In 2004, Satrapi wrote two graphic novels: ‘Le Soupir’ and ‘Poulet aux Prunes’, the latter of which she would make into a film seven years later.
Between 2005 and 2006, Satrapi published English-language versions of ‘Les monstres n’aiment pas la lune’, ‘Broderies’ and ‘Poulet aux Prunes’ as ‘Monsters Are Afraid of the Moon’, ‘Embroideries’ and ‘Chicken with Plums’.
In 2007, Marjane Satrapi and Vincent Paronnaud directed a film version of ‘Persepolis’, with Catherine Deneuve and Chiara Mastoianni in the French version and Gena Rowlands, Sean Penn and Iggy Pop in the English-language version.
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In 2011, the English version of her French work ‘Le Soupir’ was published as ‘The Sigh’.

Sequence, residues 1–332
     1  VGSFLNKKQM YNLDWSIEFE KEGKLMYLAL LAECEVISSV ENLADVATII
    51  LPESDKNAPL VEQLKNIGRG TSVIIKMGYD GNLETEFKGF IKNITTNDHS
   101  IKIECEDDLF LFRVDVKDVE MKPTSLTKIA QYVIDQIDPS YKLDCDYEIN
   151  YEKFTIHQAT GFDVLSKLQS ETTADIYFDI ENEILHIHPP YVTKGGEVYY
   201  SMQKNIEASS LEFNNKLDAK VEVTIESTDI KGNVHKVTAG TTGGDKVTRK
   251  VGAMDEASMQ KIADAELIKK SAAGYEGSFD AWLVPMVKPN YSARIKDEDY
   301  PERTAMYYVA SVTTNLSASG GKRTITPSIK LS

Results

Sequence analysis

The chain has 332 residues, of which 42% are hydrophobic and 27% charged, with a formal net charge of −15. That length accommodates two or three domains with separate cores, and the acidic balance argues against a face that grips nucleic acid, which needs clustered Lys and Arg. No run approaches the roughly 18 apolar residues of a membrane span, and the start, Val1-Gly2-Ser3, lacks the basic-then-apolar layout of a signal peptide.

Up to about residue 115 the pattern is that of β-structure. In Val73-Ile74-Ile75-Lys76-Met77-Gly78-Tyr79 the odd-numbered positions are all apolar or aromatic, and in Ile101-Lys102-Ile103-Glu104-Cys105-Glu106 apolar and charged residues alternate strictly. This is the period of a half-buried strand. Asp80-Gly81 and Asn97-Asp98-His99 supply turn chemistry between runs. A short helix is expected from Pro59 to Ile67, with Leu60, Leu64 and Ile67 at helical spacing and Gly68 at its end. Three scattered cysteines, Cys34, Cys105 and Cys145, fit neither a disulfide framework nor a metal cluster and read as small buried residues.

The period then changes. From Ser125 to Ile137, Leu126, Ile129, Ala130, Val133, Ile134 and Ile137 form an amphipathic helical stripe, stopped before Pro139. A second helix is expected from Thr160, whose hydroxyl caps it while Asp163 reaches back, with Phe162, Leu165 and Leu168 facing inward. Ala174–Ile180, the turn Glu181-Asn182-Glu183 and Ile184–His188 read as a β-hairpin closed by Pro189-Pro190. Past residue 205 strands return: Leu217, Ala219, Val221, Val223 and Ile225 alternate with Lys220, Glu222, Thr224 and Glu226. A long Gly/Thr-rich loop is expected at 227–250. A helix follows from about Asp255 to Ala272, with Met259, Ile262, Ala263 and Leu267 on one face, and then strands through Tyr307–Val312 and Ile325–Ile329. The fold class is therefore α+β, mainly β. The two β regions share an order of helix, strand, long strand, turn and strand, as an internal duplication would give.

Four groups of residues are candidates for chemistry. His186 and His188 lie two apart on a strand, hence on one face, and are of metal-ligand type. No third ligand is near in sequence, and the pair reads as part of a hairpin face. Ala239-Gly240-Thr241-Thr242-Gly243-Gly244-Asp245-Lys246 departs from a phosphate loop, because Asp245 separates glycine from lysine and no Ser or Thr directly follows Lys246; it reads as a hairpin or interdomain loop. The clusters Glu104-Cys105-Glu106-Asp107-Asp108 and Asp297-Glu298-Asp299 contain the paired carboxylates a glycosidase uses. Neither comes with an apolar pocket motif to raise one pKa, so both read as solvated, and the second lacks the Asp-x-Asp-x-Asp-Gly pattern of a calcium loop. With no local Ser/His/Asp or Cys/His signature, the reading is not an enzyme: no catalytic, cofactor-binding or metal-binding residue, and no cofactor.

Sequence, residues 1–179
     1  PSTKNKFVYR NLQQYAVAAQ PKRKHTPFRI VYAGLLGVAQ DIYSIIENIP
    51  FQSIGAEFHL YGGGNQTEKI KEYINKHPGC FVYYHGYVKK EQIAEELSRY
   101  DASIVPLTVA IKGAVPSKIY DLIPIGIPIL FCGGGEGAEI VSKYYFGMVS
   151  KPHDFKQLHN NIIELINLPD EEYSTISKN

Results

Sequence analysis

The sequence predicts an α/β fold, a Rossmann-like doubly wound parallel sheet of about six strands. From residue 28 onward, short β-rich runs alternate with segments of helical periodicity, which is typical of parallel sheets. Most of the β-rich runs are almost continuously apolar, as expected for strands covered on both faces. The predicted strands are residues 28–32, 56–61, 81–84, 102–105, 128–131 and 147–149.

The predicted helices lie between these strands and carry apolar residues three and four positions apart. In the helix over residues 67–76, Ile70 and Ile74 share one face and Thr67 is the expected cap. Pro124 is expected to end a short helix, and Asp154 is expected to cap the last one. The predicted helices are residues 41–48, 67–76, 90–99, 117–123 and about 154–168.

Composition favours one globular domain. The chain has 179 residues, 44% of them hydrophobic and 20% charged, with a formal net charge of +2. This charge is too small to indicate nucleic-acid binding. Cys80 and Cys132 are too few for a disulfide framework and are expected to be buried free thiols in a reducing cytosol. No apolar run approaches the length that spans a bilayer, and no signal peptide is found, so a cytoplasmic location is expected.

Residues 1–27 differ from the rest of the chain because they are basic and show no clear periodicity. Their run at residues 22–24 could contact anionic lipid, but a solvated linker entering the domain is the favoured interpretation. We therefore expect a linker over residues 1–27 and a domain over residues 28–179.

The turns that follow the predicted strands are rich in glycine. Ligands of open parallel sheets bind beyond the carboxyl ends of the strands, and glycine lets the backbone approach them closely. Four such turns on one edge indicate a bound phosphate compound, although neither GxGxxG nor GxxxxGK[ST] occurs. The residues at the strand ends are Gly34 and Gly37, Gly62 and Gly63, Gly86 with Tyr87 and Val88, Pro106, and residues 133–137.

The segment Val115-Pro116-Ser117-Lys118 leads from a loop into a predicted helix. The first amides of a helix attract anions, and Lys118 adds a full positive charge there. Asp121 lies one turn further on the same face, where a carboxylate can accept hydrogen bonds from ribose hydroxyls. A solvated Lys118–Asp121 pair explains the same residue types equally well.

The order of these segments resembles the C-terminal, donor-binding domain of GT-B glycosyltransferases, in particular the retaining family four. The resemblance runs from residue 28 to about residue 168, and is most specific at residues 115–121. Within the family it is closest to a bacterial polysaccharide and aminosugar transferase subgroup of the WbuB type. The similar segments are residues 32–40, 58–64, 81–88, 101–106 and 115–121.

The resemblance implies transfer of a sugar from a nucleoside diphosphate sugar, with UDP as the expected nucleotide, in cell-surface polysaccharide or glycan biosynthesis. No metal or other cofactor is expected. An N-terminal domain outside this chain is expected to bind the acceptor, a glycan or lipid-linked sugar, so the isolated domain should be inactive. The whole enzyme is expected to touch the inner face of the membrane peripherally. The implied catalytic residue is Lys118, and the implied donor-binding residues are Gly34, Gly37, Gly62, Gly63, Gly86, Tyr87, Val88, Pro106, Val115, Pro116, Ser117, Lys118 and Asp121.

She has also written and directed films. These include: 'Chicken with Plums' (2011) (co-written and co-directed with Vincent Paronnaud), 'Gang of the Jotas' (film) (2012) (director) and 'The Voices' (2014) (director).
‘Persepolis’ was Satrapi’s most significant work, in terms of financial and critical success. It was published first in French and later in English, with a re-issue in 2007 as a single-volume edition. ‘Persepolis’ was also the first of Satrapi’s works to be made into a film.
‘Chicken with Plums’ or ‘Poulet aux Prunes’ is one of Satrapi’s most widely acclaimed graphic novels and the second of her graphic novel to be turned into a film.
Awards & Achievements
In 2001, Marjane Satrapi won the Angoulême Coup de Coeur Award, a major prize for comics authors, for her graphic novel ‘Persepolis’.